Chevrolet continued into the 1920s, 1930s, and 1940s competing with Ford, and after the Chrysler Corporation formed Plymouth in 1928, Plymouth, Ford, and Chevrolet were known as the "Low-priced three".
In 1929 they introduced the famous "Stovebolt" overhead-valve inline six-cylinder engine, giving Chevrolet a marketing edge over Ford, which was still offering a lone flathead four ("A Six at the price of a Four").
In 1953 it produced the Corvette, a two-seater sports car with a fiberglass body.
In 1957 Chevy introduced its first fuel injected engine, During the 1960s and early 1970s, the standard Chevrolet, particularly the deluxe Impala series, became one of America's best selling lines of automobiles in history.
In 2005, Chevrolet was relaunched in Europe, primarily selling vehicles built by GM Daewoo of South Korea with the tagline "Daewoo has grown up enough to become Chevrolet", a move rooted in General Motors' attempt to build a global brand around Chevrolet.
With the reintroduction of Chevrolet to Europe, GM intended Chevrolet to be a mainstream value brand, while GM's traditional European standard-bearers, Opel of Germany, and Vauxhall of United Kingdom would be moved upmarket. Chevrolet vehicles will continue to be marketed in the CIS states, including Russia.
Depending on the vehicle type, Chevrolet V8s are built in displacements from 4.3 to 9.4 litres with outputs ranging from 111 horsepower (83 k W) to 994 horsepower (741 k W) as installed at the factory.
The engine design has also been used over the years in GM products built and sold under the Pontiac, Oldsmobile, Buick, Hummer, Opel (Germany), and Holden (Australia) nameplates.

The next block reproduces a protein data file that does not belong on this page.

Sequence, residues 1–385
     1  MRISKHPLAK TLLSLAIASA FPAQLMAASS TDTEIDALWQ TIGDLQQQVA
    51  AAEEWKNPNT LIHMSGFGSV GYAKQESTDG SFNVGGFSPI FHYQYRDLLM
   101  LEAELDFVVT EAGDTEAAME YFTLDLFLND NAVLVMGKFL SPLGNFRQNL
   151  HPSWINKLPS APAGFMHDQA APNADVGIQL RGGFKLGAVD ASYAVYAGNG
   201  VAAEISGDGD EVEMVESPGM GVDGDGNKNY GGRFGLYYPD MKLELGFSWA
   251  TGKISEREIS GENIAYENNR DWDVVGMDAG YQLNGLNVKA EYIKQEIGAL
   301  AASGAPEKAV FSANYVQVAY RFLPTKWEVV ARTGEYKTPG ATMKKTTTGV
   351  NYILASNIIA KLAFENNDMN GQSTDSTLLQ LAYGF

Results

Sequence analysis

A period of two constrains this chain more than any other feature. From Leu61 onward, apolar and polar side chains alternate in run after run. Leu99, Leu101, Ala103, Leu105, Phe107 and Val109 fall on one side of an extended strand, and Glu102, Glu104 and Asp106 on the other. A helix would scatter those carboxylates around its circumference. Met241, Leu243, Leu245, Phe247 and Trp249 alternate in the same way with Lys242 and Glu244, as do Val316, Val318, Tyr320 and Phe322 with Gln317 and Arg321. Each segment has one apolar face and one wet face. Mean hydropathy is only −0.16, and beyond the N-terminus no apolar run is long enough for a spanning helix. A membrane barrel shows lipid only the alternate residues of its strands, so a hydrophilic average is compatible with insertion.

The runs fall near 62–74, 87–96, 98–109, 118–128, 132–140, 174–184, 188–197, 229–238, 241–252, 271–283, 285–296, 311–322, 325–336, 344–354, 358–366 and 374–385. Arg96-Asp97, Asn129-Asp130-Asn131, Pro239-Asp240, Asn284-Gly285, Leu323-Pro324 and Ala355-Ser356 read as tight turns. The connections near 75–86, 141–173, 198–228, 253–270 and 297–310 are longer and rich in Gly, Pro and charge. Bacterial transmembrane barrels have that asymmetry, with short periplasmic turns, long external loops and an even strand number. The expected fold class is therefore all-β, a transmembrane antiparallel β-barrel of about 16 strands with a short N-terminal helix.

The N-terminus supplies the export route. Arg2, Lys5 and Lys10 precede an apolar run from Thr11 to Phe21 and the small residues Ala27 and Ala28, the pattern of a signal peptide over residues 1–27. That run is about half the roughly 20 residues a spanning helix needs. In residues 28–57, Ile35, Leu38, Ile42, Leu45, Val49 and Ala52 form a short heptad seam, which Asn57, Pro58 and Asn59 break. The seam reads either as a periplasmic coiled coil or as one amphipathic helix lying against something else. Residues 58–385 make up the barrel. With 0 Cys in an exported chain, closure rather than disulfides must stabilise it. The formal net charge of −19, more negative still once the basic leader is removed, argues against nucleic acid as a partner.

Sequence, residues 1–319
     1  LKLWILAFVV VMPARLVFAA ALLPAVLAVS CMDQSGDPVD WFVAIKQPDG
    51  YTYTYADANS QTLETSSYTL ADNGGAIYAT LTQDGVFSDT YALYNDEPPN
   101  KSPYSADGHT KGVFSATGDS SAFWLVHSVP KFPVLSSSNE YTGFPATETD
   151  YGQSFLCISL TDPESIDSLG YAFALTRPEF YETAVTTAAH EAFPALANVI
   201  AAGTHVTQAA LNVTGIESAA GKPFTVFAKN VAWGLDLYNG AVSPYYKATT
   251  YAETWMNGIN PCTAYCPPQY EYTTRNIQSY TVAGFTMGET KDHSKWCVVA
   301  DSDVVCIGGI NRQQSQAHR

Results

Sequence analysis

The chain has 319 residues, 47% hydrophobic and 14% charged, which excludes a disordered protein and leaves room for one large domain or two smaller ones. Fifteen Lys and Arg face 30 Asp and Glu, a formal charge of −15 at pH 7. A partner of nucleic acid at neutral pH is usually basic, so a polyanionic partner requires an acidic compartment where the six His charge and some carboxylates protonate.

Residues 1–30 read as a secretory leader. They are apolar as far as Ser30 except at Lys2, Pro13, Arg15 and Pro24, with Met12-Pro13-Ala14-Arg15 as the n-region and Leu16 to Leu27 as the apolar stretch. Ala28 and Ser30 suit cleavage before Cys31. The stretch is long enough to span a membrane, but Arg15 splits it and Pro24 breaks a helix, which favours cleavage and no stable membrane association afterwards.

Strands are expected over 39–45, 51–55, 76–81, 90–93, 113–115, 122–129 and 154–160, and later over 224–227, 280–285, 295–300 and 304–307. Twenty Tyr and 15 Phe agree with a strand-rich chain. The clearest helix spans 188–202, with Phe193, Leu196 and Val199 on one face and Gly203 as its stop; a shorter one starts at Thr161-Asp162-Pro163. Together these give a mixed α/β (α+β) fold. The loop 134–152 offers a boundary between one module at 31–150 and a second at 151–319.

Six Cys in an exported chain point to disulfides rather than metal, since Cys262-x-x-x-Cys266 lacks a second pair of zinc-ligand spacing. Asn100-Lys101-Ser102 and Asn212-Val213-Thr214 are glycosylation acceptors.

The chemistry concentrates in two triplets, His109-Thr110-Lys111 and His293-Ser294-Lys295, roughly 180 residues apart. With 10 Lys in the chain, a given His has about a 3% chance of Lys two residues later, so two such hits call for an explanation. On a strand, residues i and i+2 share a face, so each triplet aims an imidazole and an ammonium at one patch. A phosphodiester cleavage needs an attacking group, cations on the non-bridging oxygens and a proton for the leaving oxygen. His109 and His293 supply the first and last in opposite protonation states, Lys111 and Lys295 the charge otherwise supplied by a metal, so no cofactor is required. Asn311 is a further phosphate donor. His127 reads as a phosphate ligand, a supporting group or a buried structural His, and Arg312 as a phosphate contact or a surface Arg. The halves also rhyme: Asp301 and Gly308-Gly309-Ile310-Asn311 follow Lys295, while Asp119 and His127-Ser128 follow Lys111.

In 1919, Chevrolet's factories were located at Flint, Michigan; branch assembly locations were located in Tarrytown, N. Mc Laughlin's were given GM Corporation stock for the proprietorship of their Company article Sept. In the 1918 model year, Chevrolet introduced the Series D, a V8-powered model in four-passenger roadster and five-passenger tourer models. Beginning also in 1919, GMC commercial grade trucks were rebranded as Chevrolet, and using the same chassis of Chevrolet passenger cars and building light-duty trucks.
GMC commercial grade trucks were also rebranded as Chevrolet commercial grade trucks, sharing an almost identical appearance with GMC products.
Due to the prominence and name recognition of Chevrolet as one of General Motors' global marques, Chevrolet, Chevy or Chev is used at times as a synonym for General Motors or its products, one example being the GM LS1 engine, commonly known by the name or a variant thereof of its progenitor, the Chevrolet small-block engine. He also incorporated the Mason and Little companies.